Feeling unlucky

When I went to the fitness center today, I saw a half-dozen friends who asked how I was doing. They all know about my long recovery from brain surgery and are solicitous of my health.

I told them about Tom’s stroke. Several of them gave me a hug or patted my arm, and expressed sympathy and support.

But with two of them, a strange thing happened. They got this look of horror on their faces and physically backed away from me. Then averted their eyes. Left quickly.

You might think, “Well, they just didn’t know what to say.”

To me it felt like a primal reaction:  Get away from bad luck or you will become unlucky.

It’s a very old superstition that luck, good and bad, is contagious.

Everybody loves a winner because they’re perceived as lucky. We want to be around good luck so that it rubs off on us.

But when someone looks like a loser, or their good luck has changed to bad, we avoid them. As though the evil bad-luck spirit could reach out from them and grab us.

Some superstitions are grounded in reality. Infectious diseases, negative attitudes, dangerous crowds all have a contagion. Instinct may guide us away from them.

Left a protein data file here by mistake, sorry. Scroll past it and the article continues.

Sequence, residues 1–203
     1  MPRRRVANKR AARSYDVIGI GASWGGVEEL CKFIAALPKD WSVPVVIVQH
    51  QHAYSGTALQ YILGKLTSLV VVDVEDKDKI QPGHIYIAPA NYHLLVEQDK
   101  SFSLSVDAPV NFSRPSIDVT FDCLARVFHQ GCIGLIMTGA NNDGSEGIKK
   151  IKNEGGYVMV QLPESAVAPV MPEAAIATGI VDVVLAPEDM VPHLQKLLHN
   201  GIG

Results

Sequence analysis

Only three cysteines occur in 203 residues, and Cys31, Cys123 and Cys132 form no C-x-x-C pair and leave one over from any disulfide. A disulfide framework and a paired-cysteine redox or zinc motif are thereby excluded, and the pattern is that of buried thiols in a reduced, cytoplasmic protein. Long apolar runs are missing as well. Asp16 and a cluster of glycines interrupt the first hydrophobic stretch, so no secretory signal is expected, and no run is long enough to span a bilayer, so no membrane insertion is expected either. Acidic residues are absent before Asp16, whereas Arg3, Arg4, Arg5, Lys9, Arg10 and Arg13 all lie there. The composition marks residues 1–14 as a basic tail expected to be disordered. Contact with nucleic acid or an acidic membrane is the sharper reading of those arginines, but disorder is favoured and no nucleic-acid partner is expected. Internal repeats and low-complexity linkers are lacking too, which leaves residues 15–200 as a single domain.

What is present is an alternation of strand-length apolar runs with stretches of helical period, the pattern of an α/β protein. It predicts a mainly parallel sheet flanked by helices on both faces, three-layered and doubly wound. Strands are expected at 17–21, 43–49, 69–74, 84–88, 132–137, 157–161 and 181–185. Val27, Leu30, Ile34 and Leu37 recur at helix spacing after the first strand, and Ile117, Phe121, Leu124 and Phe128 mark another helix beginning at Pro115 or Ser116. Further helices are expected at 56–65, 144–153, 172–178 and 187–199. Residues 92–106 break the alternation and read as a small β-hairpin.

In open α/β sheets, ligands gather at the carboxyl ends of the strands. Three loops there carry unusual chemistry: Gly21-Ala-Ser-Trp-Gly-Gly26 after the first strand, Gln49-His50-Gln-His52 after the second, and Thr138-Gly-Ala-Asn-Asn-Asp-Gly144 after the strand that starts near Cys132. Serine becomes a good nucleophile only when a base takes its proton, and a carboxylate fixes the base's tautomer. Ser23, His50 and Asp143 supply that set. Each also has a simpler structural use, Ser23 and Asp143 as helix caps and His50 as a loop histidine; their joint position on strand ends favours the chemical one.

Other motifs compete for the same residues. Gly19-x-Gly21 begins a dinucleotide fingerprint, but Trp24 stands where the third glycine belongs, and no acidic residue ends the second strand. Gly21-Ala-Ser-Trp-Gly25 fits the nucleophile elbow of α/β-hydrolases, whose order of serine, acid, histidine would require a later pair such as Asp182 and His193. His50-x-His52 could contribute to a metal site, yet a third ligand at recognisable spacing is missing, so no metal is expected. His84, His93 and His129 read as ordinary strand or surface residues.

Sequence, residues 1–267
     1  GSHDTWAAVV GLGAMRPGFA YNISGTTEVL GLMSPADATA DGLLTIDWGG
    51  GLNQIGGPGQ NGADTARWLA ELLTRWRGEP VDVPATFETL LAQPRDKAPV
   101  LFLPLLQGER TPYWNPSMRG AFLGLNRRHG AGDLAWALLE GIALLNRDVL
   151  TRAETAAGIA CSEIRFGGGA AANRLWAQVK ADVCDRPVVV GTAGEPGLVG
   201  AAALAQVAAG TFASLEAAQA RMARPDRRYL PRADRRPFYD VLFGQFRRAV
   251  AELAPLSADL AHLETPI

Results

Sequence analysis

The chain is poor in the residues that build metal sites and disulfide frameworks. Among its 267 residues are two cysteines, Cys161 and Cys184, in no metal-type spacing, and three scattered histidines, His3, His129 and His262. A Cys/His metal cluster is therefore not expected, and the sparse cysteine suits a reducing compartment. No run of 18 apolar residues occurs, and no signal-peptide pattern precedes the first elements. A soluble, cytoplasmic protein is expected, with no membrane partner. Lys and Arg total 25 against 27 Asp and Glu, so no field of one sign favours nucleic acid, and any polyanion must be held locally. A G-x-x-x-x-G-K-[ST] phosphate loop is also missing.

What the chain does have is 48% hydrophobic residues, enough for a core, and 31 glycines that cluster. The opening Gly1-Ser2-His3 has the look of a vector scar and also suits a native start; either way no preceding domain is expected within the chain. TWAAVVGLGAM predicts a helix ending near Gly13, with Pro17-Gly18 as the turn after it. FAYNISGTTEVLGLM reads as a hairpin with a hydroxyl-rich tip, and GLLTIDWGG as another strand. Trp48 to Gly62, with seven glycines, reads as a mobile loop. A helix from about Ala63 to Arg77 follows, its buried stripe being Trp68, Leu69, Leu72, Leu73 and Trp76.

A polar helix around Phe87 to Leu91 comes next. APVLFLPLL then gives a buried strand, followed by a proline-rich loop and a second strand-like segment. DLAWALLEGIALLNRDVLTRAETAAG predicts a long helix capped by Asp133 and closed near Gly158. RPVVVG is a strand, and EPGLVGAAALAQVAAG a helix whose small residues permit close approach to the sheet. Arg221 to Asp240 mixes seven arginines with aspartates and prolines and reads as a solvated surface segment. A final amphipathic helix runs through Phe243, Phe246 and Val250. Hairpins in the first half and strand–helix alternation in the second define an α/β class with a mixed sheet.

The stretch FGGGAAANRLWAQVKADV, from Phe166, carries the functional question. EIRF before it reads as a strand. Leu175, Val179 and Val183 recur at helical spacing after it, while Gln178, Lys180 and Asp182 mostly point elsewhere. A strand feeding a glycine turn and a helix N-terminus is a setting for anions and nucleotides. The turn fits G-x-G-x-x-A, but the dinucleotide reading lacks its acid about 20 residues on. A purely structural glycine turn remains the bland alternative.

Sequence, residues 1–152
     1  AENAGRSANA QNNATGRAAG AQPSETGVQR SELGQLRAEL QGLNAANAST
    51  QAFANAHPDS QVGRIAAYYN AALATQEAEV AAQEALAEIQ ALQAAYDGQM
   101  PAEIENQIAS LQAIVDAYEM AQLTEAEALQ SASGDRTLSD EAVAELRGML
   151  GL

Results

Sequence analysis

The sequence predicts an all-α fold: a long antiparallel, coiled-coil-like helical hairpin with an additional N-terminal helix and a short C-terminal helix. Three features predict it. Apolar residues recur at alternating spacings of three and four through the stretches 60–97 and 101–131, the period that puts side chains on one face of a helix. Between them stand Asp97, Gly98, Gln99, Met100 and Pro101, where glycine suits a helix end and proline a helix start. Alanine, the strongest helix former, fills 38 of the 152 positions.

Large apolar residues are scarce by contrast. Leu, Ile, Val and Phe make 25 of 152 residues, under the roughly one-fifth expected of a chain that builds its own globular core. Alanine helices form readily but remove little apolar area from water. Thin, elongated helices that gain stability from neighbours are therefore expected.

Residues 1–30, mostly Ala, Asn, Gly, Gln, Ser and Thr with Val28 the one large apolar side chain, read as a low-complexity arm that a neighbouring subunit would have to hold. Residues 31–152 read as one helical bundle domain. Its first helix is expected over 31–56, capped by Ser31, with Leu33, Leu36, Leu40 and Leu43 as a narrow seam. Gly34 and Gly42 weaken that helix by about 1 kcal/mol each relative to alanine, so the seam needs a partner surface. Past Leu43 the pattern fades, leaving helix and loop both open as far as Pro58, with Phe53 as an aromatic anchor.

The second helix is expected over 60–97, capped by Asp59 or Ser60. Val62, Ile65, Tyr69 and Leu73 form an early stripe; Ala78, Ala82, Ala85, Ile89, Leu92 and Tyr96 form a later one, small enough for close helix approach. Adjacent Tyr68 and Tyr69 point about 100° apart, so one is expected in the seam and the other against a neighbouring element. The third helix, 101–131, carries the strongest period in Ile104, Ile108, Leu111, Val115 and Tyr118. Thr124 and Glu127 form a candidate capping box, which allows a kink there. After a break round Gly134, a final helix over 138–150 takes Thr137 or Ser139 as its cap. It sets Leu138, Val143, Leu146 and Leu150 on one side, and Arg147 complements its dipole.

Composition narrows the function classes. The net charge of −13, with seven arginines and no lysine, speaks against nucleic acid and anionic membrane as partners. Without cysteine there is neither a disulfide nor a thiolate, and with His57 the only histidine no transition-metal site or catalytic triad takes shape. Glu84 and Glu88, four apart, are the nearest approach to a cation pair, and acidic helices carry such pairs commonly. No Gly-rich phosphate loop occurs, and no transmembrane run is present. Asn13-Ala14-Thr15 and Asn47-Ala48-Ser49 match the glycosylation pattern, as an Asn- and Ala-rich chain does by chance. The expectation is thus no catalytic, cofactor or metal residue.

Strokes aren’t contagious, and it wasn’t bad luck that caused Tom and I to have them.

So friends, please stay near.

You don’t have to know what to say. Hugs are always welcome.

Today’s penny is a 2014, 7 plus 7, a year that was neither lucky nor unlucky. One person’s lucky 7 doesn’t prevent the next person from rolling a 7.

9 thoughts on “Feeling unlucky”

  1. It’s amazing that anyone would feel anything but love and support toward you and Tom. What an interesting (and sad) story about the psyche of others. Hugs from here.

  2. From my experience with Jared’s death at a very young age (3 years old) I feel that some of those people just didn’t know how to react or knew what to say. It still happens occasionally with people when the subject comes up.

    1. I remember you telling me that what made it harder to lose Jared was that no one wanted to talk about him. They were uncomfortable even if you talked about him. And he was such a beautiful little boy! Ever since, I have tried to be conscious of that when a friend loses a spouse, parent, or child – I encourage them to talk about the person who’s gone.

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